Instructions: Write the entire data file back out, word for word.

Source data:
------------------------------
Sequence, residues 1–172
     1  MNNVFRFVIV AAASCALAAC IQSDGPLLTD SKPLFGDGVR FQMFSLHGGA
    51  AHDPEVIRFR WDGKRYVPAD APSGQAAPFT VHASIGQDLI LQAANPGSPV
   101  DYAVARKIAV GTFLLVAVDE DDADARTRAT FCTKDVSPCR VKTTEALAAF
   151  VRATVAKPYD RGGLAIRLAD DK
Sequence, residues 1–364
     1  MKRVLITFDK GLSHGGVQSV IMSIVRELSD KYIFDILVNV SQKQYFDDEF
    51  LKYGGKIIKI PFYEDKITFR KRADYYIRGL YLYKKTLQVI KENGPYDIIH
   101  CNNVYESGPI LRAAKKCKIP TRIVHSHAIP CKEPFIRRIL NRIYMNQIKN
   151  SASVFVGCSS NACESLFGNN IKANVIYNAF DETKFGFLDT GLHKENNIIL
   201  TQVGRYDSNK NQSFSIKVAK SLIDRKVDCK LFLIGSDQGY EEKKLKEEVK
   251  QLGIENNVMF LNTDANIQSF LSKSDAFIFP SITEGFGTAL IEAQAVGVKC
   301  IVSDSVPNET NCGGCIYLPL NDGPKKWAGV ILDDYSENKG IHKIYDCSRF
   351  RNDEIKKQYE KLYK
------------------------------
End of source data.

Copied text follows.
Sequence, residues 1–172
     1  MNNVFRFVIV AAASCALAAC IQSDGPLLTD SKPLFGDGVR FQMFSLHGGA
    51  AHDPEVIRFR WDGKRYVPAD APSGQAAPFT VHASIGQDLI LQAANPGSPV
   101  DYAVARKIAV GTFLLVAVDE DDADARTRAT FCTKDVSPCR VKTTEALAAF
   151  VRATVAKPYD RGGLAIRLAD DK
Sequence, residues 1–364
     1  MKRVLITFDK GLSHGGVQSV IMSIVRELSD KYIFDILVNV SQKQYFDDEF
    51  LKYGGKIIKI PFYEDKITFR KRADYYIRGL YLYKKTLQVI KENGPYDIIH
   101  CNNVYESGPI LRAAKKCKIP TRIVHSHAIP CKEPFIRRIL NRIYMNQIKN
   151  SASVFVGCSS NACESLFGNN IKANVIYNAF DETKFGFLDT GLHKENNIIL
   201  TQVGRYDSNK NQSFSIKVAK SLIDRKVDCK LFLIGSDQGY EEKKLKEEVK
   251  QLGIENNVMF LNTDANIQSF LSKSDAFIFP SITEGFGTAL IEAQAVGVKC
   301  IVSDSVPNET NCGGCIYLPL NDGPKKWAGV ILDDYSENKG IHKIYDCSRF
   351  RNDEIKKQYE KLYK